Apple will start repaying Ireland the $15.4 billion it owes in back taxes starting early 2018

It seems Apple has finally reached an agreement with the European Union (EU) to start repaying the $15.4 billion it owes Ireland in back taxes early next year.

From a report in the Wall Street Journal, Ireland has very much resisted collecting the funds from Apple and the EU was forced to step in and speed up the process.

As a refresher, Ireland was using exceptionally low tax rates to spur economic development and lure large corporation to Ireland. With rates sometimes as low as 0.005% on all European earnings, companies would set up a variety of shell companies or subsidiaries solely for the purpose of collecting that revenue and largely evading taxes.

While Apple and Ireland both maintain they’ve done nothing wrong, the European Commission said the deal amounts to illegal state aid and that Apple needed to pay back the unpaid taxes.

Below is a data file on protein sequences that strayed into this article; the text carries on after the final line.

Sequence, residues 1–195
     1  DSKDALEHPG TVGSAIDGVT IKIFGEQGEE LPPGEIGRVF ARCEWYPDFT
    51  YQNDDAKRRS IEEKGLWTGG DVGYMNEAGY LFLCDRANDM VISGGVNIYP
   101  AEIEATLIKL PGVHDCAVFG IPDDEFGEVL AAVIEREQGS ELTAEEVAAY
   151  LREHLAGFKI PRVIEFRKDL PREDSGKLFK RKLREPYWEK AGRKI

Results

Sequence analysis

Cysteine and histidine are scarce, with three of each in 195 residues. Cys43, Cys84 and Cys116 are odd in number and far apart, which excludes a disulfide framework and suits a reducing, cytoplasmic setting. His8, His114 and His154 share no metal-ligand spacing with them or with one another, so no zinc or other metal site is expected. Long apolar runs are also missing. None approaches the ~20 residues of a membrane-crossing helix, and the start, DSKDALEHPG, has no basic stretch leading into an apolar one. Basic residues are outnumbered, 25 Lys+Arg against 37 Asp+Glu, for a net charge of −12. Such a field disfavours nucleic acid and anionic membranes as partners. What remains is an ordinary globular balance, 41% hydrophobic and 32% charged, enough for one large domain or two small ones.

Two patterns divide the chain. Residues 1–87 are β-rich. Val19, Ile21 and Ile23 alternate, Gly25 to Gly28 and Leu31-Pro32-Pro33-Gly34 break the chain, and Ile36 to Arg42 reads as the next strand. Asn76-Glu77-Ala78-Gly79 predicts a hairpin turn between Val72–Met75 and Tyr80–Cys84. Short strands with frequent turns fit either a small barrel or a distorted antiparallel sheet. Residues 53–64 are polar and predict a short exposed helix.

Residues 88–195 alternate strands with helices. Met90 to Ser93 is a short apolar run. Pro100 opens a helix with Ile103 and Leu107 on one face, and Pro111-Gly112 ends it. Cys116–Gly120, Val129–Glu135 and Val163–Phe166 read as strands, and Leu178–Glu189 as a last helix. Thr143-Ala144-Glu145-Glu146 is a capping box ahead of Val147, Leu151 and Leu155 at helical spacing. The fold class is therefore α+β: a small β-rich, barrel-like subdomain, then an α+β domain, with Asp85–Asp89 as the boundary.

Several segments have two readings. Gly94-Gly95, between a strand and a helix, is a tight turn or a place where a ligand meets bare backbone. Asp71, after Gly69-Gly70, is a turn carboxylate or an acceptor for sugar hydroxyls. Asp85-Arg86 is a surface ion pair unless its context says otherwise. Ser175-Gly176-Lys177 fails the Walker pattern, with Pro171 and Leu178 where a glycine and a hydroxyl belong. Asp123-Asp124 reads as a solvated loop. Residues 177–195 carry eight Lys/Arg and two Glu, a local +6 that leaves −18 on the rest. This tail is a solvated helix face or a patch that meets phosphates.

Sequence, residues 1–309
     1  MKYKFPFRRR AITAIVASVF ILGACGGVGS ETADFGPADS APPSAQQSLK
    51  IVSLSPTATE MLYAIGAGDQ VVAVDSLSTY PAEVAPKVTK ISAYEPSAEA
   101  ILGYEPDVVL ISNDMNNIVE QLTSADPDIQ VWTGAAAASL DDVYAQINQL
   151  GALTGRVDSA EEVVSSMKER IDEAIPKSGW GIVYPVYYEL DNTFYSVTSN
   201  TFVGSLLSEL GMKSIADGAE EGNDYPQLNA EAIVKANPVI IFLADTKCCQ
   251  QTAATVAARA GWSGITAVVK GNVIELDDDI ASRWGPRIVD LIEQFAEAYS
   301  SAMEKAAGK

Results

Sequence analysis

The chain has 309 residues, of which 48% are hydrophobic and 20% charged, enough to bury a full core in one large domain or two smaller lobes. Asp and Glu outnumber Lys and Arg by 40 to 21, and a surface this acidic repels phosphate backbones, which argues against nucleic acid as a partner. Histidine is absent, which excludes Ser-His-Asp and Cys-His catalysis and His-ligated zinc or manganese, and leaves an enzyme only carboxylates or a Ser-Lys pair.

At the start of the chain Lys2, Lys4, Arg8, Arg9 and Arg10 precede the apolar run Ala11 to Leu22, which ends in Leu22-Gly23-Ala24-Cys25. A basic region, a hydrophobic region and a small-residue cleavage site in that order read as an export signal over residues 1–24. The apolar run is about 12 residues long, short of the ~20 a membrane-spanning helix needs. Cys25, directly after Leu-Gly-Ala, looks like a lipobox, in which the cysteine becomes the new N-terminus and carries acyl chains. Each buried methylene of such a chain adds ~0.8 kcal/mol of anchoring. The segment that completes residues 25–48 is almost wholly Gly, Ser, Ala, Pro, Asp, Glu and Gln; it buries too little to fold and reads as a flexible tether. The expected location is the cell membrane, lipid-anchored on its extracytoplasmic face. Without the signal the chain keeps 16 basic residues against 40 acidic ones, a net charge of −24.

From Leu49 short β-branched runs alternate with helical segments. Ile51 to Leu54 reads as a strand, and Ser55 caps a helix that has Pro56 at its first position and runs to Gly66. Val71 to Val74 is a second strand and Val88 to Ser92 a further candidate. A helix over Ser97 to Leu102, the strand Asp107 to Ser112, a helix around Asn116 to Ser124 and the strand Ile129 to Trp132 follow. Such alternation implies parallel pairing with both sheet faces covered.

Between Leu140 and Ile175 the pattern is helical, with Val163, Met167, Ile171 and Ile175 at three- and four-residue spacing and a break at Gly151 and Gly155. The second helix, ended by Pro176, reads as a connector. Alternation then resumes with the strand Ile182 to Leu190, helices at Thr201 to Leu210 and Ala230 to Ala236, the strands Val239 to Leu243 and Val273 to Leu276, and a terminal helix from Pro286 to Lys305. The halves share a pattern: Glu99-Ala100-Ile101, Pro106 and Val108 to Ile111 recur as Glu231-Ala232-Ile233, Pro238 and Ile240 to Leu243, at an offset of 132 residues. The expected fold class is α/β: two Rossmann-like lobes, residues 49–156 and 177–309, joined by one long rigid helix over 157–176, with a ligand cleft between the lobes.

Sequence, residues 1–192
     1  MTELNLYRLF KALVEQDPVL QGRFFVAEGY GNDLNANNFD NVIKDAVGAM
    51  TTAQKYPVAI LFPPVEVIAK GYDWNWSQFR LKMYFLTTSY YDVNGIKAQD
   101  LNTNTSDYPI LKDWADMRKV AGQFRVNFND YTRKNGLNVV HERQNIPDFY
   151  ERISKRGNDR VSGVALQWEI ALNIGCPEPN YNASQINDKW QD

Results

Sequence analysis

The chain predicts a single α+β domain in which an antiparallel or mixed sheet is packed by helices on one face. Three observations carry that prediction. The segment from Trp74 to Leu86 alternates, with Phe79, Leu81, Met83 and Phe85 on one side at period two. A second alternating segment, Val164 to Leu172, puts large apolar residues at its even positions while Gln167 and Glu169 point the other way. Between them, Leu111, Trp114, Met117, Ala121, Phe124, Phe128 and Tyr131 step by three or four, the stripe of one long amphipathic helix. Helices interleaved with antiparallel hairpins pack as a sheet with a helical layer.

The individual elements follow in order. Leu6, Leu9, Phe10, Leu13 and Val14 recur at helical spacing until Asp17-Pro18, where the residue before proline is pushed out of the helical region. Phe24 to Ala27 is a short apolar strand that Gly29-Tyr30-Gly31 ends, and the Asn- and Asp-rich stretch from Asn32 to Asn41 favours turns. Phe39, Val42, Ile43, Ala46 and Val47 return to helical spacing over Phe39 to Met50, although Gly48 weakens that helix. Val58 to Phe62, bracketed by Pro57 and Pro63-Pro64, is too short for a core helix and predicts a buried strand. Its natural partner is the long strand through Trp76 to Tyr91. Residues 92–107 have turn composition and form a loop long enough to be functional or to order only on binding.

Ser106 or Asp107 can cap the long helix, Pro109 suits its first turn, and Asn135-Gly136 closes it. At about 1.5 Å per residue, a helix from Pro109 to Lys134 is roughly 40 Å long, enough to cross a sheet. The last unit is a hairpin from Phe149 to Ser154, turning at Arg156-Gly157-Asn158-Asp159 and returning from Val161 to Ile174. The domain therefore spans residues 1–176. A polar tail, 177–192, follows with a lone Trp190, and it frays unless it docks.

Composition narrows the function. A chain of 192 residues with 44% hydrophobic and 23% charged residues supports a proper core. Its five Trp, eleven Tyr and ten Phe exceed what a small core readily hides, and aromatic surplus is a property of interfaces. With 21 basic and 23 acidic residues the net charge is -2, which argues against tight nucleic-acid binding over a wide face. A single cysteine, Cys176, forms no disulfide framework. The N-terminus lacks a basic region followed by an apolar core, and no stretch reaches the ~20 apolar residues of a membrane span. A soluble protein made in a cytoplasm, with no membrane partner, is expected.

The order for repayment was handed down back in August of 2016 and Apple has yet to start transferring the money. Now the EU stepped in and asked European Court of Justice to step in and compel Apple to start paying.

It seems to have worked as Irish Finance Minister Paschal Donohoe has announced that in the first quarter of 2018, Apple would begin sending payments to an escrow account.

This won’t be the end of the saga however, as Apple and Ireland both plan to appeal the ruling and remaining confident it will be overturned. Apple has very publicly criticized the ruling, with Tim Cook even calling it “total political crap”on the record.